Institutional review board exemption was granted from Chesapeake Research Review, Inc, Columbia, Maryland, USA, which waived the requirement for informed consent. This report is compliant with the Health Insurance Portability and Accountability Act requirements, the Declaration of Helsinki, and all state and federal laws.
The medical records of all patients treated by the retina service at Ophthalmic Consultants of Boston (Boston, Massachusetts, USA) who developed noninfectious inflammation after intravitreal aflibercept injection between November 18, 2011 and June 30, 2013 were retrospectively reviewed.
The data collected include the age and sex of each patient, the affected eye and its lens status, the date of the inciting intravitreal aflibercept injection, the number of prior aflibercept injections and other anti–vascular endothelial growth factor (VEGF) injections, the underlying diagnosis and clinical indication for intravitreal injection, and the preinjection visual acuity. The lot number, office location, injecting physician, and preparation technique, as well as use of postinjection antibiotics, were recorded. Presentation and diagnostic data were collected as well, including the date of presentation, the visual acuity and intraocular pressure, the pain score, the presenting symptoms and signs, and the initial management. The patients’ clinical courses, including the visual acuity over time and response to additional intravitreal aflibercept injections, were documented.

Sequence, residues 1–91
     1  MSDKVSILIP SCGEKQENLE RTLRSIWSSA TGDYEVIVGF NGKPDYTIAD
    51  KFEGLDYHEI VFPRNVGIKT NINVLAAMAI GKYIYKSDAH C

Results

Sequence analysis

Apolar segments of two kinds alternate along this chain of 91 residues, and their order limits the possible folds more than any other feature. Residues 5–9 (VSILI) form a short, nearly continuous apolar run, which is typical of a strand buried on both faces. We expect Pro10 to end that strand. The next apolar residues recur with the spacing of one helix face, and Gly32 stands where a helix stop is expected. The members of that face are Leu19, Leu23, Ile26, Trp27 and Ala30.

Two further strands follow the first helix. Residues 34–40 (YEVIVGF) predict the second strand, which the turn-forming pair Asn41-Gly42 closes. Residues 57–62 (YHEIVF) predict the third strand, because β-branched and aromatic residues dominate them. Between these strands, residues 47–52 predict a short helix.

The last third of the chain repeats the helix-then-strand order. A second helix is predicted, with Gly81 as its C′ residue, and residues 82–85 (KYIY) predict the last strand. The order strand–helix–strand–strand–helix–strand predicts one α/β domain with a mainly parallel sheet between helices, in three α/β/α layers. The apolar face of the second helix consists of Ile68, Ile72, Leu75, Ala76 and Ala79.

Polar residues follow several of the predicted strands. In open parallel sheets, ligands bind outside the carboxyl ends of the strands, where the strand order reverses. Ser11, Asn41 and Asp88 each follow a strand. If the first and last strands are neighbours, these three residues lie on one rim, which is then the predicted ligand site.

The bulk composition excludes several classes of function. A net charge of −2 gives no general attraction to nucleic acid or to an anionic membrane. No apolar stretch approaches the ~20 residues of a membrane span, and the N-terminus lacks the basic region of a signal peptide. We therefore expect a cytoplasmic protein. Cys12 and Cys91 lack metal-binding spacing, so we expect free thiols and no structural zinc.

An estimate of incidence was obtained by determining the total number of aflibercept injections between November 18, 2011, and June 30, 2013. All eyes were prepared for injection with subconjunctival or topical anesthesia and povidone-iodine antisepsis. The practice includes 6 retina providers and 7 office locations.
A total of 20 cases in 19 eyes of 19 patients were included in this study. The average age at the time of presentation with noninfectious inflammation after intravitreal aflibercept injection was 79.3 (range 70–93) years; 19 of 20 cases were being treated for neovascular AMD, the other for RVO. Preinjection visual acuities ranged from 20/25 to count fingers. All but 1 patient had received prior aflibercept injection without incident (average 6 prior injections, range 0–16). No patient had a history of uveitis or inflammation after intravitreal injection with another agent.
In these cases, all patients complained of decreased vision and were seen on average 3.25 days after aflibercept injection (median 3 days, range 1–13 days). Lines of visual acuity lost between injection and presentation averaged 3.5 (median 3 lines, range 0–9 lines lost). Pain was not a common presenting symptom—noted in 3 of 20 cases (15%)—and was mild in nature when present. The conjunctiva was rarely injected (2/20, 10%), and hypopyon was seen in only 1 patient (Case 14; 0.5 mm in height). The degree of anterior chamber inflammation ranged from 0 to 4+ cell (median 2+ cell), and vitreous inflammation was noted in all 20 cases (median 2+ cell, range 0.5+ to 4+ cell). The Table summarizes the pertinent clinical findings for each case.
|Case||Age (y)||Office a||MD b||Dx||Eye||No. of Prior IAI||InjVA||Needle Gauge||Days to Pres||Pres VA||Presenting Symptoms and Signs||T&I||VA Return (d)|
|Pain||Conj||AC Cell c||Vitreous Cell|